Additive manufacture of PEEK cranial implants: Manufacturing considerations versus accuracy and mechanical performance
Materials and Design
Reason for embargo
High temperature laser sintering is an Additive Manufacturing (AM) process that allows fabrication layer by layer of complex structures in high performance biomaterial polymers such as Poly Ether Ether Ketone (PEEK) with high design freedom and short lead time. While studies on new material candidates for HT-LS are increasingly appearing, the quality standards of the parts obtained in HT-LS with special attention to the effects of the build orientation are less explored, thus limiting the implementation of AM PEEK in the healthcare sector. This study investigates the effect of four manufacturing build orientations - horizontal, oblique, vertical and inverted horizontal - on the properties of patient-specific laser sintered PEEK cranial implants. The mechanical performance in uniaxial static compression mode, the density variation and dimensional accuracy compared to the original design model are discussed. The implants manufactured in the horizontal and inverted horizontal orientations were found to show the least deviation from the design model and the highest compressive strength resistance. The vertically built implant showed the lowest accuracy in design and more of 70% lower first failure compared to the inverted horizontal implant.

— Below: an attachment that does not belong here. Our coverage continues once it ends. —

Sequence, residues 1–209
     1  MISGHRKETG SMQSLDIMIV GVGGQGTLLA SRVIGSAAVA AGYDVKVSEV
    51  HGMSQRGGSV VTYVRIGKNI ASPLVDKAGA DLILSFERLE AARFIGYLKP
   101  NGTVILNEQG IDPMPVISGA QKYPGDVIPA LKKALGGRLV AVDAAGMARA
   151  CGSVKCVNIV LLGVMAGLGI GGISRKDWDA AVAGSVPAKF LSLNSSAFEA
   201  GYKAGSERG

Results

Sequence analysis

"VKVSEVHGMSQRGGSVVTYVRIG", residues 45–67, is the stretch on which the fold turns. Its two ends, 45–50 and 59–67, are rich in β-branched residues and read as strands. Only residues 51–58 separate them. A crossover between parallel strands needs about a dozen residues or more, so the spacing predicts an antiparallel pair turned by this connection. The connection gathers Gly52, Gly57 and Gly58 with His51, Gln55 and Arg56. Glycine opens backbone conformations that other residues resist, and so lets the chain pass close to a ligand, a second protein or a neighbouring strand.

This is the author accepted manuscript. The final version is available from Elsevier via the DOI in this record.
Vol. 139, pp. 141-152
- Engineering